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Finding your new favorite books

By Veronica Salinas

A book is not just a bound piece of printed information. A book creates a relationship between authors and readers that often leads bibliophiles on a road to discovery. Researchers at UH are helping develop the literary startup, Booxby, an app that aligns users with contemporary authors based on their reading interests or experiences.

UH computer science associate professor Thamar Solorio partnered with novelist and Booxby chief executive officer Holly Payne to develop the app. Solorio is a leading expert in stylistic text analysis, a computer science concentration that examines the very minute details of a sentence.  

Mark Bregman, a member of the board of trustees for Booxby, approached Solorio about her innovative work after she won the Grace Hopper Prize from the Anita Borg Institute. Bregman sensed Solorio’s knowledge of computer science could be instrumental in the partnership with Payne.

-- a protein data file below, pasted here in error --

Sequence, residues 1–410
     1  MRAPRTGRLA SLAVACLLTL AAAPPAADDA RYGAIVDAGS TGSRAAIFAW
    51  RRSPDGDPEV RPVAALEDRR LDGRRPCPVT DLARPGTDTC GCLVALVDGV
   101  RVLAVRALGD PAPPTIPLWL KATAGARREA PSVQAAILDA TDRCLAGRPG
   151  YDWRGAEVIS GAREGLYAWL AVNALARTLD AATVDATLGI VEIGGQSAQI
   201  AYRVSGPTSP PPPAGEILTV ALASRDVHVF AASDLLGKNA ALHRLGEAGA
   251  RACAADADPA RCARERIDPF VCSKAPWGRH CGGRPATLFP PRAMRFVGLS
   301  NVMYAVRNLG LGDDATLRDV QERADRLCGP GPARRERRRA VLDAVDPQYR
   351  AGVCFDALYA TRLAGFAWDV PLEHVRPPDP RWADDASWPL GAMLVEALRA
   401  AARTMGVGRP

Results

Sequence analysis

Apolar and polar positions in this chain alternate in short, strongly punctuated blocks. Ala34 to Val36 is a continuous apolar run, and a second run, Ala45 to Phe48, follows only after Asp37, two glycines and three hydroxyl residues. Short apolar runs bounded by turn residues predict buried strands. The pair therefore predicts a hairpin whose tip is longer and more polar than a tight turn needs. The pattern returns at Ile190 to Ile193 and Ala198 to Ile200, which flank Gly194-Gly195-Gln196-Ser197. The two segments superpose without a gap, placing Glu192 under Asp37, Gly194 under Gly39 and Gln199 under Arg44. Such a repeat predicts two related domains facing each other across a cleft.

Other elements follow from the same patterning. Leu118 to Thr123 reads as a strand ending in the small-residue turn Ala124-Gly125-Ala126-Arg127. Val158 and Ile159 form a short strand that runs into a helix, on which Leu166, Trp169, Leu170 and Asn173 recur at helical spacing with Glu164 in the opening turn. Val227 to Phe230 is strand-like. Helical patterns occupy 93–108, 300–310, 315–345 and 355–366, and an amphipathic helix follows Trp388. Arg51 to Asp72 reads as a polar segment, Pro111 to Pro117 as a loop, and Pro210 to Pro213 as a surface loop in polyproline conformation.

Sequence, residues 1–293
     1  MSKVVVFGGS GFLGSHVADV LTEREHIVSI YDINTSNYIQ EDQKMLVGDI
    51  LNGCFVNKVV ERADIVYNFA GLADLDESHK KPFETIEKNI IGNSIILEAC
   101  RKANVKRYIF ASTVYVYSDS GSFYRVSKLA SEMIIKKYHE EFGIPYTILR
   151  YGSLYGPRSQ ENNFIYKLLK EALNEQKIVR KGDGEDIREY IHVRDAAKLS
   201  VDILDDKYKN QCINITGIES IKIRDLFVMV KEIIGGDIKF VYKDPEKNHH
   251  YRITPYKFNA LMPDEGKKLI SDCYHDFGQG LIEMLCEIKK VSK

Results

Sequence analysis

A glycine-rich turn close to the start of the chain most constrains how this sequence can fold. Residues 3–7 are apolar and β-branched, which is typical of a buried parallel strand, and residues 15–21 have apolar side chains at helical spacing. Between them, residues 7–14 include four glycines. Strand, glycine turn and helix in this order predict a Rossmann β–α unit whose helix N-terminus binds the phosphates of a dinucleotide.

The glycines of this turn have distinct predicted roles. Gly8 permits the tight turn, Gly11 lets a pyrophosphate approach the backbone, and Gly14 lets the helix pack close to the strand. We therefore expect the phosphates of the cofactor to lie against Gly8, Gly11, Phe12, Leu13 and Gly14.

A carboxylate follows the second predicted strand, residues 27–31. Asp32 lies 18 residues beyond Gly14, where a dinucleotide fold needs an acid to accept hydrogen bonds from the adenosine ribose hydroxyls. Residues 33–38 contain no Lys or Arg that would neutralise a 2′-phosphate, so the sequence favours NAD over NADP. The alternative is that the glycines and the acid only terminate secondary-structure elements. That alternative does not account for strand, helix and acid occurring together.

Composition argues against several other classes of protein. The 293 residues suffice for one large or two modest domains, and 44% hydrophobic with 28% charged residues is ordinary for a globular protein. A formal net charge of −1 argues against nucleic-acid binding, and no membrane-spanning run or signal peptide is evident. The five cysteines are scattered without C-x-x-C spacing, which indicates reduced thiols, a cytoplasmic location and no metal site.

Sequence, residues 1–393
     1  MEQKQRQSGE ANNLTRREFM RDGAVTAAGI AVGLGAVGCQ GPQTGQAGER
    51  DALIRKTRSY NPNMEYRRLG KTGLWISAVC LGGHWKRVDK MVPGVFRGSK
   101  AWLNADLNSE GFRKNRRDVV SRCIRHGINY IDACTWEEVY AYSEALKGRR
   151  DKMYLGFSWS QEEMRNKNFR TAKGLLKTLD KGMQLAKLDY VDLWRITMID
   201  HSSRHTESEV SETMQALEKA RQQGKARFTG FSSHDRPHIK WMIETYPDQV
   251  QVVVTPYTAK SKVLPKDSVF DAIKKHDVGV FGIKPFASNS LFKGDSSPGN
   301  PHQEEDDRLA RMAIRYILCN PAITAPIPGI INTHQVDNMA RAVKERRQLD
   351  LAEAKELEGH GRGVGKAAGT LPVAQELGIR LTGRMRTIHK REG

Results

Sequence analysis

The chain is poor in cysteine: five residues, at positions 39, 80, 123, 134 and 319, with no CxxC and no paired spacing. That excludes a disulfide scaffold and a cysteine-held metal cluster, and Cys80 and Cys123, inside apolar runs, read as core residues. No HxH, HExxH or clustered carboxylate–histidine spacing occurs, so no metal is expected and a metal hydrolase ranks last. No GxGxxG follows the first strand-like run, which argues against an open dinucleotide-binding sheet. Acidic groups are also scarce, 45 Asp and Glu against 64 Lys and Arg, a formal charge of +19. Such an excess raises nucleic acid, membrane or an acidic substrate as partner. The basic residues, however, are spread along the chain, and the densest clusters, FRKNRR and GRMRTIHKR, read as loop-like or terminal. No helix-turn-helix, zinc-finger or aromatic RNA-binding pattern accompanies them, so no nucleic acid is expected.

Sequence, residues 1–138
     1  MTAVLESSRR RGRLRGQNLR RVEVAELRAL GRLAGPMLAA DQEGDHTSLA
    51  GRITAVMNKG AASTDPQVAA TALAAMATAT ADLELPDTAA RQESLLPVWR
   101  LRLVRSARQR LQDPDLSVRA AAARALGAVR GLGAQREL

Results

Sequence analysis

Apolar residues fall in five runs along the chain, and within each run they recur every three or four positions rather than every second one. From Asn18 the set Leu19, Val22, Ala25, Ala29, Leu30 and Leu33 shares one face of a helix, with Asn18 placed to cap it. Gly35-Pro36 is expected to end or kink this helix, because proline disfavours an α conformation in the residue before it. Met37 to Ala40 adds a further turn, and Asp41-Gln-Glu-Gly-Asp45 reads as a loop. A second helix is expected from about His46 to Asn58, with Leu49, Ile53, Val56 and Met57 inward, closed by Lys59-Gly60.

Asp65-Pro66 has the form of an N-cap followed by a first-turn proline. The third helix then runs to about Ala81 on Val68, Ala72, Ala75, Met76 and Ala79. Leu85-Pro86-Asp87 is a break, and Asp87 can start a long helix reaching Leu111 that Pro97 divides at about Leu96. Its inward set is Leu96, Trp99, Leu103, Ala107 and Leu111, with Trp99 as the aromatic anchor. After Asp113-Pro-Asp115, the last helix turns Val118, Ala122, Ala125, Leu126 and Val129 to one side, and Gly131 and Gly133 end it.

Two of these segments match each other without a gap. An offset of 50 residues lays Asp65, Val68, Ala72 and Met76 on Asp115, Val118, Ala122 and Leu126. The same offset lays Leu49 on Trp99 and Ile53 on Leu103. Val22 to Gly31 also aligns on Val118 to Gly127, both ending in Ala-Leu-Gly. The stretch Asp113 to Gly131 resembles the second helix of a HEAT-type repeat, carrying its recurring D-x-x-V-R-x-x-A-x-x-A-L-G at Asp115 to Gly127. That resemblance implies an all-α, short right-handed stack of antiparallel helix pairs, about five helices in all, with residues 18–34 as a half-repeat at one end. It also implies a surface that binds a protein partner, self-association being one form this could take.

The Booxby app is based on what experience the reader is looking for and proffers questions such as ‘How do you want to feel?’ Solorio emphasizes that there is a distinction between Booxby and other book recommendation systems. “We want to examine the content to look for a similar experience,” she says. 

Booxby was created to help readers access the work of modern authors by using stylistic text analysis. The algorithm used in the Booxby app analyzes the makeup of a book then selects authors who have written books with similar tones and characteristics.

“The main goal of Booxby is to allow writers to reach readers and allow readers to find what they’re looking for without a lot of frustration or swiping through books they’re not going to like,” said Solorio. “The second goal is to promote reading.”

Currently the Booxby team is in the first phase of development. In December 2015 they were awarded a one-year Small Business Technology Transfer grant to develop the app. They also won a 2016 National Science Foundation grant for innovation in natural language processing and machine learning. The team plans to transition to beta testing this fall with the intent to launch the app early next year.  

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